Chasing Trains Day 1: Zermatt

No matter how carefully I plan them, my trips inevitably begin with something stressful. In the case of my Great European Misadventure, it was (surprise, surprise) AirPhil express-induced. In the end I decided to just let it go; I was simply not going to let them ruin my holiday. And then, as I was packing for my trip with my TV tuned in to CNN (primarily because it was the only English channel), I happened to witness the live feed of the Newton shooting incident. So there I was, anxious and excited and nervous for my first solo vacation, stunned speechless and unable to comprehend how evil things can happen to little children. So much for a good start, huh?

Intermission: If you're wondering how I manage to remember all this almost half a year later, I have pretty good memory. Nah, who am I kidding. I have a travel diary app :D

Anyway, the next morning I was off to my first destination: Switzerland! I managed to hitch a ride with the hotel shuttle to Frankfurt, because some guests were going to the airport. The shuttle driver was a very nice Serbian guy who was quick to demonstrate just how so very wonderful the autobahn was when the speed limits are turned off. We actually hit a bird, or at least he says it was a bird. I was too sleepy to process things.

From the airport there is a direct train to Switzerland. Since I was using my Eurail pass I got to sit at the first-class compartment. I must say, of all the trains I've boarded I love Germany's ICE the most.

It helps that the train conductor gave me a pack of gummy bears :D

I arrived at Bassel around 11, after which I had three more trains to chase after to get to Zermatt. One thing of note about Swiss train connections is how the waiting time is just enough for you to get from one platform to the next. No wandering about or getting lost in the station, lest you miss your next train.

Two minutes in I have already decided, from the warm comfort of the train, that Switzerland is pretty darn awesome.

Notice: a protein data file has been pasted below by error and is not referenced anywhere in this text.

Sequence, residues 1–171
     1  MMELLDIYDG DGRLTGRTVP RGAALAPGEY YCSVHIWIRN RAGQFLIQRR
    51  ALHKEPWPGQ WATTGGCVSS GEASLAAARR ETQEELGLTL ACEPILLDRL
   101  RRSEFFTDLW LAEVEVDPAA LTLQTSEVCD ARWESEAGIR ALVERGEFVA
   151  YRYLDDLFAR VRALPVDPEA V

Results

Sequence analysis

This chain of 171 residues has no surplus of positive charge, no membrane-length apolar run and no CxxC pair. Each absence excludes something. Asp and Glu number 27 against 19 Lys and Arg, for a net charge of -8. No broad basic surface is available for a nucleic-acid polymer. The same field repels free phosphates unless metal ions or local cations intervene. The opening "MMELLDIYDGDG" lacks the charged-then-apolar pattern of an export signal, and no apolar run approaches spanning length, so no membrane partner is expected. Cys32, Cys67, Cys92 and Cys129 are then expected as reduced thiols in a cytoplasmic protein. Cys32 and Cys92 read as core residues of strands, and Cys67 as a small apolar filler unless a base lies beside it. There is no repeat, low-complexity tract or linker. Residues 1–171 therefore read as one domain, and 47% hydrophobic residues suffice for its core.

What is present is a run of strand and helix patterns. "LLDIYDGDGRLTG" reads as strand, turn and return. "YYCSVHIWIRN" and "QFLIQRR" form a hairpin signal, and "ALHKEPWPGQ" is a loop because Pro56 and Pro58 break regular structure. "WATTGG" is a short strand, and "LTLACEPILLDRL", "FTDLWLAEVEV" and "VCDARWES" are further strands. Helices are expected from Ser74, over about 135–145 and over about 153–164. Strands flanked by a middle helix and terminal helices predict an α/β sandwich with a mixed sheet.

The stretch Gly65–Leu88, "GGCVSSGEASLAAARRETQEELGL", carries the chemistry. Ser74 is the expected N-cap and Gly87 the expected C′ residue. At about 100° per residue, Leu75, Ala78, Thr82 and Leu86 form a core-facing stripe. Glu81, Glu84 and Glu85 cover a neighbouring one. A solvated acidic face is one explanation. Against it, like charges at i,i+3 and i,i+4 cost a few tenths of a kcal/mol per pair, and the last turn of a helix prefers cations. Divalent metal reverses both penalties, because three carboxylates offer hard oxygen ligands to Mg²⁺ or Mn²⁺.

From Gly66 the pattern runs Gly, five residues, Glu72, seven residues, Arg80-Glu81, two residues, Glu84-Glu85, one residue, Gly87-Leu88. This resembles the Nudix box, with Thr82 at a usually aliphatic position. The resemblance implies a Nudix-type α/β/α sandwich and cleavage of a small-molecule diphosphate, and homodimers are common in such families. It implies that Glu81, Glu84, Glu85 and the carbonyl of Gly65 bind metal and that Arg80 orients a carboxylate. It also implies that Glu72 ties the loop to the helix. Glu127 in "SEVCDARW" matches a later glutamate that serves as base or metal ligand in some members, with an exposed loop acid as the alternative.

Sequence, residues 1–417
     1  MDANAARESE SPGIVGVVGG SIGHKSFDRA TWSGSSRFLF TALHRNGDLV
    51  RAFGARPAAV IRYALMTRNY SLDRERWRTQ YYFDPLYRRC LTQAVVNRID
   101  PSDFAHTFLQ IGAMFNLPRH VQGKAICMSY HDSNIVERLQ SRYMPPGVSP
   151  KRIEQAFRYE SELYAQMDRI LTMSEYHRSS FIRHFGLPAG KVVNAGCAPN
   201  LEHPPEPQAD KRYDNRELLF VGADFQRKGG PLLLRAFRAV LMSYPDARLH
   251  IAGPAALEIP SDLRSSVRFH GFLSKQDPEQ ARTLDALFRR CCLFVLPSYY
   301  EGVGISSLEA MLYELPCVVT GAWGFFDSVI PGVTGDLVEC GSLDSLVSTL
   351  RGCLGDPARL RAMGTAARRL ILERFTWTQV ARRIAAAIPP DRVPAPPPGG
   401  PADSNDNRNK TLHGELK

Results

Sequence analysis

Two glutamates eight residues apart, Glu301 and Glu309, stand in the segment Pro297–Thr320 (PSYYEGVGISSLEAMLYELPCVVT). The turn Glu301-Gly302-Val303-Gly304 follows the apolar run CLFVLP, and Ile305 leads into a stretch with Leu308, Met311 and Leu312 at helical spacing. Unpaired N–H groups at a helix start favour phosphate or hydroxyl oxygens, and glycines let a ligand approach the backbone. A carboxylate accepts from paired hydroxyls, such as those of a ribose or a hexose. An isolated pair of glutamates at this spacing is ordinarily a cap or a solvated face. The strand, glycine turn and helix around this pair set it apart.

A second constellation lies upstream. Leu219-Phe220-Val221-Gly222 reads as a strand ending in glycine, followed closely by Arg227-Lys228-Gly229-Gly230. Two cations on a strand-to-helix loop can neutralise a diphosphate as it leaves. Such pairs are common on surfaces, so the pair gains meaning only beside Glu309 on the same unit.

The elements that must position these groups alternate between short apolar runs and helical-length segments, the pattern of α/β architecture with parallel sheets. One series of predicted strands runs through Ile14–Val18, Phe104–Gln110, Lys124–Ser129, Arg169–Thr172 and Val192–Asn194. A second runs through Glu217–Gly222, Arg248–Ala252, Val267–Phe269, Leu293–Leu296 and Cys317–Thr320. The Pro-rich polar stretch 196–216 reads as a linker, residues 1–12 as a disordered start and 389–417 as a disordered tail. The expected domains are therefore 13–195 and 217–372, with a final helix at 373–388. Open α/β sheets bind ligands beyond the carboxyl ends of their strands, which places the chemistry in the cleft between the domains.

There is that one crazy episode where, upon boarding one of the trains (to Visp, I think), I looked around and realized, with a bit of horror, that I was the only person under eighty in the compartment. I panicked and transferred because who knows, it may be a senior-citizen-only cabin or something (as it turns out, the youth of Europe boarded the train shortly afterwards). So I transferred to a more crowded part of the train. As I settled down, I noticed a backpack a few seats beside me with no apparent owner. I would like to remind everybody that at this point in time, I have had very little sleep and quite a bit of stress. So my overcaffeinated brain decides that this backpack is a bomb and will blow up anytime, and I stared at it with crazy eyes until I finally had to alight. Praning kung praning.

There was also a bit of a panic (again!) on the last train because I found out, just right after I boarded, that this wasn't covered by my Eurail pass. But I was already on the train, so what was I supposed to do? And all around me there were signs about penalties for boarding trains without tickets and such. The horror. Thankfully the conductor allowed me to pay for my ticket on board, with some discount even (the tiny concession for having a Eurail pass).

It was quite a long ride, but the moment I hopped off the train I knew it was worth it.

Zermatt is a small and utterly charming town at the foot of the Matterhorn, that uniquely-shaped mountain on your Toblerone bar. It is also completely car-free, save for a few electric vehicles to ferry tourists to the hotels.

Room rates skyrocket at this time of the year, so the hotel I managed to book was one of the farthest from the station. However, I still managed to reach it on foot with my luggage in tow - the town is that small.

My room was nothing fancy, but the hotel did have a balcony from which you can view the rest of the town, which was the very first thing I did.

I had to pinch myself because it felt like I was in a storybook.

True enough, on a clear day you can see the Matterhorn peeking through.

I then took a short stroll across the town. There's not much to do, unless you plan on going up the mountains or indulge in some winter sports. But I was fine with just walking around and soaking in all the pretty.

I didn't think it was possible, but everything was even more charming at night.

After I was convinced I have seen every nook and cranny and after buying as much Swiss army knives as I can legally carry across the border (for pasalubong, you see), I decided to call it a night. I have a pretty long journey ahead of me, and as far as I can tell things are looking up :)

No comments